Fides informa.  Literally Òunformed faith,Ó it describes the intellectual knowledge of GodÕs work of creation, fall, and redemption de potentia ordinata.  It is sometimes called fides acquisita because it is acquired by natural means when one comes into contact with the knowledge of the way of salvation and works to learn it (facere quod in se est).  The adjective ÒunformedÓ refers to the absence of what completes and ÒformsÓ faith, namely, love.  The viator who possesses fides informa has yet to achieve fides caritate formata (Òfaith formed by loveÓ).  Nevertheless, fides informa is a necessary condition for achieving the infusion of faith and love that accompany justification.[15]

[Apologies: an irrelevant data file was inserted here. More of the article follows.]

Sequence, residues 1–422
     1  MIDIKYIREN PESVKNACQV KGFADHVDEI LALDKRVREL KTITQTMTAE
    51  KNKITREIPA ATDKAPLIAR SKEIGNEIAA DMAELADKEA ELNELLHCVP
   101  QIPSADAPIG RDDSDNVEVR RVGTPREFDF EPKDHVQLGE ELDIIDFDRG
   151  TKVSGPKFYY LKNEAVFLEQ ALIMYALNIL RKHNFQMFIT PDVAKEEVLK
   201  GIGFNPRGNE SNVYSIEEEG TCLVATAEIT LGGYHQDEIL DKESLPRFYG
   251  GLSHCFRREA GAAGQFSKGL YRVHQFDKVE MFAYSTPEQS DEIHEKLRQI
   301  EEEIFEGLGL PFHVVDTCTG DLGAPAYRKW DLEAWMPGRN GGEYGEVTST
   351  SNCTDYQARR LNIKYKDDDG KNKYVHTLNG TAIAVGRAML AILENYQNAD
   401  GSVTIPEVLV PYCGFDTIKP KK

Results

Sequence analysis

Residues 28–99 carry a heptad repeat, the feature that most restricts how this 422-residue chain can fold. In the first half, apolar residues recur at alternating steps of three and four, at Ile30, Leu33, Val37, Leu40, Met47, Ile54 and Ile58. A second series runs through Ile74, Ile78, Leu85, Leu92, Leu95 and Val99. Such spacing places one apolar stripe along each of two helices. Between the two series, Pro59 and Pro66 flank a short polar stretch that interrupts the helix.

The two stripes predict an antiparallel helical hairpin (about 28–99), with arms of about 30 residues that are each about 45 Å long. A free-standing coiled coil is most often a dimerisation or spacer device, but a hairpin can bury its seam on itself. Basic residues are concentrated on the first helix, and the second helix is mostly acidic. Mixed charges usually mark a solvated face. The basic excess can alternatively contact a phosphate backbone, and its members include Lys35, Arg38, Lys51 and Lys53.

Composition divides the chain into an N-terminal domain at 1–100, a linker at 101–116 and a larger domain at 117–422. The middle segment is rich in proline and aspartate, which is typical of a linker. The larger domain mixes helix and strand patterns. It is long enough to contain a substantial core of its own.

Ex puris naturalibus.  Literally Òout of pure nature,Ó this phrase does not refer to some hypothetically pure, pre-lapsarian human nature. It denotes fallen manÕs native powers apart from GodÕs superadded infused grace.  The modifier puris means Òwithout admixtureÓ Ñspecifically, without the added assistance of supernatural grace.  Whatever is required ex puris naturalibus is within the realm of manÕs natural constitutional powers.  The chart indicates with a dotted horizontal line the demarcation between what is possible for man to do (below the line) and what is infused into man supernaturally (above the line).  When the sinner does his best (facere quod in se est) he may achieve, without the aid of supernatural grace, what is necessary to merit de congruo the infusion of grace (gratia infusa).[16]